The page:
When it comes to IQ and jobs, how smart a test says you are could stand in the way of the job you’re trying to pursue. There’s been an old article from 2000 resurfacing and making the social media rounds regarding a person who was denied a position as a police officer because his IQ was too high. (You can see the original story from 2000 on ABC News here.)
Robert Jordan, the candidate in question took the New London Police Department to court based on what he felt to be discrimination. However, the U.S. District Court ruled in favor of New London’s decision stating they had “shown a rational basis for the policy.” While the policy might be unwise, they reported, it was a rational way to reduce job turnover—which was New London’s defense stating candidates with a high IQ were more likely to quit due to boredom.
While this is an old case, the debate it brings up still resonates. Is it fair to reject candidates for being too smart? Similarly, we often hear of candidates being taken out of consideration for roles because they have too many advanced degrees or high educational pedigrees.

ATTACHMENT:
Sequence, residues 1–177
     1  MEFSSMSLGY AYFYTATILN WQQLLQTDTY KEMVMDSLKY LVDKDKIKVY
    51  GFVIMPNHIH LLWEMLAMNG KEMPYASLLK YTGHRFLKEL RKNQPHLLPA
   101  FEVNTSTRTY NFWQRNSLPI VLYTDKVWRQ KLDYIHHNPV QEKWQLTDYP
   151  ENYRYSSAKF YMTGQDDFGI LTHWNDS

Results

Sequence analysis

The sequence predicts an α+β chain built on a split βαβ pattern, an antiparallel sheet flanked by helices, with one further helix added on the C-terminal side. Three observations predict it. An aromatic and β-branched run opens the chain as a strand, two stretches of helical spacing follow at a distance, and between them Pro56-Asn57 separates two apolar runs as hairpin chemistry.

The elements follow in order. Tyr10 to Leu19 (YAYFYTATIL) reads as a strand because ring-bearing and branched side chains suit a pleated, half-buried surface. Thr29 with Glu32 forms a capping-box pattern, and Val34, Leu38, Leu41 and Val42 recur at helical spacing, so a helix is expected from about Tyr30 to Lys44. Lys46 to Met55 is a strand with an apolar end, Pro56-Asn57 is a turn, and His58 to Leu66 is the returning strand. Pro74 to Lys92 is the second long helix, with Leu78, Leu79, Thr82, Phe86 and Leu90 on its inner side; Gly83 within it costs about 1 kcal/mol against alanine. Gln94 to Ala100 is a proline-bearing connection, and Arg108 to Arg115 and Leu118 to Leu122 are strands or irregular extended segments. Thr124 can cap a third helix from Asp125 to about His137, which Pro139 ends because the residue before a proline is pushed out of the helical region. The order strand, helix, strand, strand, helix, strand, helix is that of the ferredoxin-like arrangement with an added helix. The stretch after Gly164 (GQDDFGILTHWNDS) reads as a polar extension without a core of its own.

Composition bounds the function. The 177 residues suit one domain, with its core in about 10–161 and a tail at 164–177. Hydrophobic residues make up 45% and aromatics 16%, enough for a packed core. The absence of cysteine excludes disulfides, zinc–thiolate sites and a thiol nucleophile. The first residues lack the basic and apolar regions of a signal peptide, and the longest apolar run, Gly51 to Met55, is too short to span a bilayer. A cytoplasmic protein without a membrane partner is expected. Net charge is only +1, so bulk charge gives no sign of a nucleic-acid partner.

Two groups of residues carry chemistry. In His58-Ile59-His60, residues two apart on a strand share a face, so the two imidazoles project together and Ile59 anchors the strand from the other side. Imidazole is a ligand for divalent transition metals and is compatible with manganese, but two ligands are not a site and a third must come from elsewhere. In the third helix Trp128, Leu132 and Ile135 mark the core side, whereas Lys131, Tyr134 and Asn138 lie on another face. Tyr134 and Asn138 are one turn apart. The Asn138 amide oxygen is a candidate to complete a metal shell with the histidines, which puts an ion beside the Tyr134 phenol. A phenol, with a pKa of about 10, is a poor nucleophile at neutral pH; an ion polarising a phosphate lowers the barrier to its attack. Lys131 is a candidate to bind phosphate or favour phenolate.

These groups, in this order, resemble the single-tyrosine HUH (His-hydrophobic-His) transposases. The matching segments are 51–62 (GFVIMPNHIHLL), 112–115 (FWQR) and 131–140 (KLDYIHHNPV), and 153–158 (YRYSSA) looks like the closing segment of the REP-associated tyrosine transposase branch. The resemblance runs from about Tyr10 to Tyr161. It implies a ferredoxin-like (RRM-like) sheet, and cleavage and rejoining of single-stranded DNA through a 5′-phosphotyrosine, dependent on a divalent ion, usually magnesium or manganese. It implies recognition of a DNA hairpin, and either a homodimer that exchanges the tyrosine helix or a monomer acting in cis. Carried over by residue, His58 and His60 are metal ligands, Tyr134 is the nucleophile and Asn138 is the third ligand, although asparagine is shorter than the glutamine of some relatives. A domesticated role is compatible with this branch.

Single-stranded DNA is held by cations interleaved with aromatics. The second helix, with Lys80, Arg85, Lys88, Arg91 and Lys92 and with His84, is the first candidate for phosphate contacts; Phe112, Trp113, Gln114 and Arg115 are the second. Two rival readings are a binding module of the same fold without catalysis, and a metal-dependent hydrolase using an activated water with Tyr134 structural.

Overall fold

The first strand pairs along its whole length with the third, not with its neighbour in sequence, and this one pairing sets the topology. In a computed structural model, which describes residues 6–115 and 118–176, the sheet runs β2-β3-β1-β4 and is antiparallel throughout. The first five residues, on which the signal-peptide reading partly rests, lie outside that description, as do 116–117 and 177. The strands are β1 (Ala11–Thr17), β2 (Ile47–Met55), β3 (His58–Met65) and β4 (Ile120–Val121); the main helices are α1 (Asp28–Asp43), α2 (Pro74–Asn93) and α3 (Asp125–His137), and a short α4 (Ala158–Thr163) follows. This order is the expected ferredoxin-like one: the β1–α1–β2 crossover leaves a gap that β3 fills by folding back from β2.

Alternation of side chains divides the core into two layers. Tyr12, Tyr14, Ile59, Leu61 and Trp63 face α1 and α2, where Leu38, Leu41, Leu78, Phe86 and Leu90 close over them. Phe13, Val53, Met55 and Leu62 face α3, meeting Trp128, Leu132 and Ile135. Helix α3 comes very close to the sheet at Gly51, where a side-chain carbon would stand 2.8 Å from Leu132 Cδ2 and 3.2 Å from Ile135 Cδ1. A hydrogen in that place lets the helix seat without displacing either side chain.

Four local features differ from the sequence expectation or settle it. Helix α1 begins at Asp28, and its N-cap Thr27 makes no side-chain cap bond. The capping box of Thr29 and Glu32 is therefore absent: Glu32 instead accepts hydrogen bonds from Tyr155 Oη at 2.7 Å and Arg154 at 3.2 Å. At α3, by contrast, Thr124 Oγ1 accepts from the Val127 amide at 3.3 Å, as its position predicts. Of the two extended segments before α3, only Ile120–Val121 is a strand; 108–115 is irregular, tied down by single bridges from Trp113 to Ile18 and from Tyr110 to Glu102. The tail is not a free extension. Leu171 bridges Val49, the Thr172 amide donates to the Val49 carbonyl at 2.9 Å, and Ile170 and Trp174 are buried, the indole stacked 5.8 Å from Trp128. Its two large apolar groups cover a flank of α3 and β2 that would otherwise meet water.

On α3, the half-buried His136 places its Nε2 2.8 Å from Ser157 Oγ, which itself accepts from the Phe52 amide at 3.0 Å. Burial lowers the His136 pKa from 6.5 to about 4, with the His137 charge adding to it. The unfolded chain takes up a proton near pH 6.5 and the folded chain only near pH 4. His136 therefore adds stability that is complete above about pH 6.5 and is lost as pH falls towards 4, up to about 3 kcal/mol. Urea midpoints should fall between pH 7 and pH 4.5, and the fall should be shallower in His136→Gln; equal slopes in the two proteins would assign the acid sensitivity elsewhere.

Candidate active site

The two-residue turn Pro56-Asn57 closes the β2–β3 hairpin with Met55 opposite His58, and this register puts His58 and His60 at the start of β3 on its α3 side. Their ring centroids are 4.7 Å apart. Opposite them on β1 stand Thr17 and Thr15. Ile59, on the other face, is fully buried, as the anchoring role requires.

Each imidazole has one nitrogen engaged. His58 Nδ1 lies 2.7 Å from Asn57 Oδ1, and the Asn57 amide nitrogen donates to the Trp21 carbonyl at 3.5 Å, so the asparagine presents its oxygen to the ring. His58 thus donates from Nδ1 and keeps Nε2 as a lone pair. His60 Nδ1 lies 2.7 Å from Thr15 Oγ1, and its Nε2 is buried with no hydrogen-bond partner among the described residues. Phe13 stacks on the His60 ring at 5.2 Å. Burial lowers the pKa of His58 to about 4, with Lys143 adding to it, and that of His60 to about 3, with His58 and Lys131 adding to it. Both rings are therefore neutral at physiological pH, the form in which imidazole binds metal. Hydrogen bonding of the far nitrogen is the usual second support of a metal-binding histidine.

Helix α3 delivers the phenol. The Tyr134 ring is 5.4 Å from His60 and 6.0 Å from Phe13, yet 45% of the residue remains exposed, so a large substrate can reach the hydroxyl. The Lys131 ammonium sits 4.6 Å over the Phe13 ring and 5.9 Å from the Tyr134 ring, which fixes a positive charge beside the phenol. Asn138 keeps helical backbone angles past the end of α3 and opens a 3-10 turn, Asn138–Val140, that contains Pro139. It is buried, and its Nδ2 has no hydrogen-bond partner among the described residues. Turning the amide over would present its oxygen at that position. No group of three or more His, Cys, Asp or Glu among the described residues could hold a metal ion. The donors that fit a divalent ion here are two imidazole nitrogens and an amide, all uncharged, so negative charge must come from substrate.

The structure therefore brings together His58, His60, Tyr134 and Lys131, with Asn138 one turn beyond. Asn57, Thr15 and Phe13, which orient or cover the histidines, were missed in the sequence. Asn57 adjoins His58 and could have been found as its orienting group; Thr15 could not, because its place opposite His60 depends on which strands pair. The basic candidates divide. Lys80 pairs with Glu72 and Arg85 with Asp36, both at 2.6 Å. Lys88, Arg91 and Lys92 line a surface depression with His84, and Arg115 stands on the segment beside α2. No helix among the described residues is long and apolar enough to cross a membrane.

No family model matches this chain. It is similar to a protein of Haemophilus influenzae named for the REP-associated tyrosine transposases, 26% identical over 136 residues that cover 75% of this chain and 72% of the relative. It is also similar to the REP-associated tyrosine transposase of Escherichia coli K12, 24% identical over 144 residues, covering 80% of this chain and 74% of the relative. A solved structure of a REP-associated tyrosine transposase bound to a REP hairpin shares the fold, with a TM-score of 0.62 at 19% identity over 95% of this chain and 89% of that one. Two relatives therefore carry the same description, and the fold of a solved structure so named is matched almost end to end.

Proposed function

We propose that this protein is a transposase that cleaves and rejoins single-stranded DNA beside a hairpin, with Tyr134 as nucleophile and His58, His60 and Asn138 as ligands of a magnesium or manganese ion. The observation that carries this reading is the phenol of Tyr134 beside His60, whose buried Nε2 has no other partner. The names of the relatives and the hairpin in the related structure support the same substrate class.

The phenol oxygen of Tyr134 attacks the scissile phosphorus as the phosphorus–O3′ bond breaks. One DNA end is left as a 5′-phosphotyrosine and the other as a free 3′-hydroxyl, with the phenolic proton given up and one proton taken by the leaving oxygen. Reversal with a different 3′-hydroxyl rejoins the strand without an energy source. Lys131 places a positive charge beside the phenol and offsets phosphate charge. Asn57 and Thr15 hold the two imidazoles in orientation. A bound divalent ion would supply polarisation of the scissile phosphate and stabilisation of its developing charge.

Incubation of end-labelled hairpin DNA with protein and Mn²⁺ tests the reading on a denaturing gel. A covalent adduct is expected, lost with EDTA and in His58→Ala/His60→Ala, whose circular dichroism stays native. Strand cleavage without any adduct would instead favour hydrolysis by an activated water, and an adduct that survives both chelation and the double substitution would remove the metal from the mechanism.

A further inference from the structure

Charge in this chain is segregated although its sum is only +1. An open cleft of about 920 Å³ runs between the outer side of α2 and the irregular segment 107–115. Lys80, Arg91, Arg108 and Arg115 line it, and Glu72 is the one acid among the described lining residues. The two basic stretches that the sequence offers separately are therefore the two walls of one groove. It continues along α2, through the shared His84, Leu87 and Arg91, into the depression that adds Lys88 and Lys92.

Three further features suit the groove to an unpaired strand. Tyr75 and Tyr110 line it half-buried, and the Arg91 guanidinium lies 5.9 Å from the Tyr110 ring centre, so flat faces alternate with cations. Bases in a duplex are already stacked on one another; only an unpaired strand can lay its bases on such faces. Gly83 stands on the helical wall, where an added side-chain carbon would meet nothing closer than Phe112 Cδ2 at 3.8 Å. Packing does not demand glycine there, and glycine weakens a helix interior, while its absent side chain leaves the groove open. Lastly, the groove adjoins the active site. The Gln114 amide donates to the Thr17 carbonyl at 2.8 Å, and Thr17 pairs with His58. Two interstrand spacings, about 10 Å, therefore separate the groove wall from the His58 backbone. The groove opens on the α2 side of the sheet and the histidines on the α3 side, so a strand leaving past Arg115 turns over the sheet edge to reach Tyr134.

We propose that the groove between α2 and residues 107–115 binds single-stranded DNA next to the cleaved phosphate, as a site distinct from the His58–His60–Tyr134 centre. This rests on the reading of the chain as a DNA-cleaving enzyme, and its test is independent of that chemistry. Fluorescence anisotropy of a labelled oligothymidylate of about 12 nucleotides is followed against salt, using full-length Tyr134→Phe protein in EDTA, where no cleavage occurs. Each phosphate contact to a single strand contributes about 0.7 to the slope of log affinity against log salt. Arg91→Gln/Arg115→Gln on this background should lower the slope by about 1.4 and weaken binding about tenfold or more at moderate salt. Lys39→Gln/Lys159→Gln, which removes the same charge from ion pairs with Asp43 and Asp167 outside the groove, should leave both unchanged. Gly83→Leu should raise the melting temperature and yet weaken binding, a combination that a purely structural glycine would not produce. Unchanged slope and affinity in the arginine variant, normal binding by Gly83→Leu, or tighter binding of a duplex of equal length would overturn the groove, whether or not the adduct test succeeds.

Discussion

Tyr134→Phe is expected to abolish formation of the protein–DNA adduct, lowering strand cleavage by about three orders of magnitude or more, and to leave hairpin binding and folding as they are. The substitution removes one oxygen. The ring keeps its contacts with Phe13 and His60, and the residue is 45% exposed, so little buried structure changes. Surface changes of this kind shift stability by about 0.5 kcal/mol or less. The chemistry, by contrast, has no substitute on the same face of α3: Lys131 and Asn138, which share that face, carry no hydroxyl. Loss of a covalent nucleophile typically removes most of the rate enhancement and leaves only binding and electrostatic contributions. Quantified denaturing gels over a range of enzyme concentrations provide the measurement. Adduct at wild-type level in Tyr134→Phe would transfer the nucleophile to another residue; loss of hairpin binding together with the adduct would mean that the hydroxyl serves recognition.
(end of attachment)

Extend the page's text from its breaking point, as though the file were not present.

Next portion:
Are companies justified in making a decision to not consider applicants because of high test scores? In the case of New London, it could very well make a person question the fact that the people hired to serve and protect are not the brightest of the people that may have applied for the positions—and when public safety is concerned, it could bring pause to such decisions.
Other studies cite that if you have an IQ of at least 115, you can do any job. (Read more in: 11 Uncomfortable Facts About How IQ Affects Your Life) And, let’s remember that IQ does not determine what jobs people are passionate about, the level of their social skills, or what drives and motivates them as an individual.
Do you think it’s okay to refuse to consider job applicants based on a high IQ or test score? Vote in this week’s birdfeud! And, share your additional thoughts on the subject in the comments section below.